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Financial and economic evaluation guidelines for community forestry projects in Latin America (英语)

A project supporting community forest enterprises (CFEs) and competitiveness in Mexico and Latin America is important for economic development. This report covers the principles of financial and economic analysis to improve the implementation of forestry projects in Latin America. A financial analysis considers costs, prices, and profits of carrying out a project or activity in terms of market prices. The main stages of the financial and economic analysis include defining the project objectives, collecting data for analysis, the estimation of inputs for activities, costs, and prices, the development of cash flow tables, the use of profitability indicators to estimate the financial or economic returns, the actual implementation of the project, and monitoring and evaluation. The Total Economic Value (TEV) is a new method used to estimate the value of all the economic benefits that society derives from a project or activity. For forests, the TEV involves the value of the benefits that society derives from the forest, so that it considers more than just the value of timber or commodities. An economic analysis of forestry projects must be rigorous and well documented. The implementation and monitoring of the project can assess the individual project and its compliance with the plans and identify problems in implementation. This summary reviews the economic and financial analysis of market and nonmarket goods and services, with application to forestry projects in Mexico and Latin America. Financial and economic analyses alone are not sufficient to make all project decisions, but they are necessary to ensure that projects are using scarce capital well and meet the minimum economic standards expected by forestry communities and landowners, foreign aid donors, and technical assistance groups. As noted in this review, financial and economic analysis can evaluate the profitability and selection of investments in market goods and services in present value terms though capital budgeting analyses.

详细

  • 文件日期

    2013/02/01

  • 文件类型

    工作文件

  • 报告号

    80781

  • 卷号

    1

  • Total Volume(s)

    1

  • 国家

    拉丁美洲,

  • 地区

    拉丁美洲与加勒比海区,

  • 发布日期

    2013/08/30

  • Disclosure Status

    Disclosed

  • 文件名称

    Financial and economic evaluation guidelines for community forestry projects in Latin America

  • 关键词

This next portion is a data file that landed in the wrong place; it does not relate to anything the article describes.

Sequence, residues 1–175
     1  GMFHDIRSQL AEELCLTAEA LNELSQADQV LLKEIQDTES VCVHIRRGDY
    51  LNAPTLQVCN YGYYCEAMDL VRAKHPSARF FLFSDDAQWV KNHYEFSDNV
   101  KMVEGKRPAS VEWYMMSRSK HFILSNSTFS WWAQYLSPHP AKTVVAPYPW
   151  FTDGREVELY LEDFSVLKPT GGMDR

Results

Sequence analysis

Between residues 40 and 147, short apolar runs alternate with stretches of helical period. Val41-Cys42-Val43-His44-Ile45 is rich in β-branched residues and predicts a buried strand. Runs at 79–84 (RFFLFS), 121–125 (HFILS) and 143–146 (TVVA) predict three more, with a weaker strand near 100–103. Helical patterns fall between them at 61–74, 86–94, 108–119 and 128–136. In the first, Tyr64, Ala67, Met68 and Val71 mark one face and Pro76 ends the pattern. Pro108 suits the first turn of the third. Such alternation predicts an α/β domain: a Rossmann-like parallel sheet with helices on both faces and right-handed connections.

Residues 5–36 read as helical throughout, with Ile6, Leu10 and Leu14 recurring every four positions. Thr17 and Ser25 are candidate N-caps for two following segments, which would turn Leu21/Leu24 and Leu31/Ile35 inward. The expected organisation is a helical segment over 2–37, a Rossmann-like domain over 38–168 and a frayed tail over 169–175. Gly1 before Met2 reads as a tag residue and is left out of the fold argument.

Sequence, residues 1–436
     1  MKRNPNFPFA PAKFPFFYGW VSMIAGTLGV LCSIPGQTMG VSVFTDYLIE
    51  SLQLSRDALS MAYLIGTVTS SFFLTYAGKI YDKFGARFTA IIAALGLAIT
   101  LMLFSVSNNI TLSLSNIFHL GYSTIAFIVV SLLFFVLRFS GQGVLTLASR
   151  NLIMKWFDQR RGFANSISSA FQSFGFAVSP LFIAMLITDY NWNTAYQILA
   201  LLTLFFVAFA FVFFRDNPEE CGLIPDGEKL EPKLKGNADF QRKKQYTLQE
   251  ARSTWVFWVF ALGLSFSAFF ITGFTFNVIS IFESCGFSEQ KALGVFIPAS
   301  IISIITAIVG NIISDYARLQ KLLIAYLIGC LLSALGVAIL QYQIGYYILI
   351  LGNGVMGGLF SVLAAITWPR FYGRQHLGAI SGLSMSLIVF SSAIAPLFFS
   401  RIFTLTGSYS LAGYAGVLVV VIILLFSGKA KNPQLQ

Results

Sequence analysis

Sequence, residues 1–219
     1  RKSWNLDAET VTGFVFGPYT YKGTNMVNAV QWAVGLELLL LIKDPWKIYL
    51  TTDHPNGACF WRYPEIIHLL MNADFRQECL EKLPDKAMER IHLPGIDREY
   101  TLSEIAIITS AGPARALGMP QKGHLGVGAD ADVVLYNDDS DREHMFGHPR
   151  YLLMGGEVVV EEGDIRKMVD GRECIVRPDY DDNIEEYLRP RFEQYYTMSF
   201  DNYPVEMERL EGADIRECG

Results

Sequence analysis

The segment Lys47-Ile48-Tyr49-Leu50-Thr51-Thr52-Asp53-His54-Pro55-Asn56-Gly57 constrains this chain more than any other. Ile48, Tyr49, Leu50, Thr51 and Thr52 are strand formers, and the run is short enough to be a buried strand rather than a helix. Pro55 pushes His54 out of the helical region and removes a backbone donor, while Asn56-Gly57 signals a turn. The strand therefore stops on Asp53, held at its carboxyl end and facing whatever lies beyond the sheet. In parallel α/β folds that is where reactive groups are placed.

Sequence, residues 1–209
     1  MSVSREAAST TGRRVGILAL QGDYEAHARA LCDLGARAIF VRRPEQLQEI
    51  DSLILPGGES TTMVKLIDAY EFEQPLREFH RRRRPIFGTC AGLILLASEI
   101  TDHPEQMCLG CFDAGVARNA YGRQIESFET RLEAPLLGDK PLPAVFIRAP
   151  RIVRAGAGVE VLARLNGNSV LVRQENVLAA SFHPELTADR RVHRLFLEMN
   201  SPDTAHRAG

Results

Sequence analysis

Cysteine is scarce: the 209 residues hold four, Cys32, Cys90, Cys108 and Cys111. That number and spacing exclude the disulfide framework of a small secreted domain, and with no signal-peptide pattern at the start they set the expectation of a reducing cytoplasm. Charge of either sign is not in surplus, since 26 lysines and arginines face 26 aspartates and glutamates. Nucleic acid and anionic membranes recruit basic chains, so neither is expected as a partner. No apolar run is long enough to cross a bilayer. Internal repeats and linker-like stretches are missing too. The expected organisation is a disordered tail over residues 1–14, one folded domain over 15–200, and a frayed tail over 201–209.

present value of project revenue;financial analysis;market price;economic and financial analysis;Internal rate of return;total economic value;environmental and social assessments;Social and Environmental Assessment;project monitoring and evaluation;social cost-benefit analysis;nontimber forest products;market valuation;stated preference methods;sustainable forest management;hectare per year;net present value;net social benefit;foreign aid donor;rates of return;contingent valuation method;forest resource management;long term investment;cost of capital;travel cost method;production function;sea level rise;building of infrastructure;number of jobs;adequate cash flow;improvements in efficiency;management of forest;direct use value;income generating activity;repair and maintenance;forest management techniques;difference in returns;value of good;rapid rural appraisal;price of output;community capacity building;forest product processing;infrastructure and facilities;forest management activities;cash flow revenue;sustainable land management;change cost;piece of property;community development activities;law and regulation;factor of production;return on capital;high opportunity cost;exchange of knowledge;prices for goods;cost of travel;average variable cost;average fixed cost;average total cost;reveal preference;shadow price;capital budget;option value;community forestry;existence value;forest enterprise;environmental benefit;timber harvest;nonmarket good;market cost;net return;social value;commercial market;nonuse value;carbon storage;hedonic pricing;discount rate;production process;financial return;market failure;economic valuation;market analysis;producer surplus;secondary data;environmental service;project selection;project analyses;average cost;variable input;cash inflow;investment analysis;land price;historical data;fixed input;public good;financial viability;environmental attributes;intangible costs;forest certification;population center;financial cost;input factor;genetic resource;cost component;environmental amenity;project duration;forestry community;subtropical forest;financial prices;watershed protection;input cost;accurate estimate;forest carbon;water quality;polar bear;supply function;project costing;endangered species;bequest value;Public Goods;sensitivity analysis;future value;demand function;natural forest;forest sector;holistic concept;ecosystem service;lumber prices;monarch butterfly;carbon cycling;forestry practices;passive use;survey questions;nutrient cycling;climate control;aesthetic value;management regimes;average price;world market;improved water;social utility;Social Welfare;carbon value;transfer payment;environmental value;nature tourism;societal benefit;hedonic wage;social term;demand model;social equilibrium;individual preference;natural site;individual value;potential investment;cash outflow;entrance fees;forest system;admission price;ecological process;timber value;environmental component;soil protection;price market;demand curve;project datum;price surveys;regression analysis;output price;property value;statistical model;budget expenditure;budget outlay;shadow pricing;forest good;nonmarket benefits;project impact;financial resource;resource users;natural capital;environmental problem;social issue;livelihood analysis;wealth ranking;quantitative measure;Agrarian Reform;purchase price;technical expert;environmental plan;extensive consultation;insurance cost;production level;tree planting;gross wage;critical habitat;environmental criterion;forest owner;marginal revenue;interest charge;annual investment;expensive equipment;fixed equipment;financial estimates;fringe benefit;brazilian amazon;financial approach;environmental externality;comparative advantage;free market;social justice;community level;ponderosa pine;global forest;incremental cost;lending agency;marginal change;functioning market;transfer method;monitoring effort;survey data;measurement technique;conjoint analysi;financial standpoint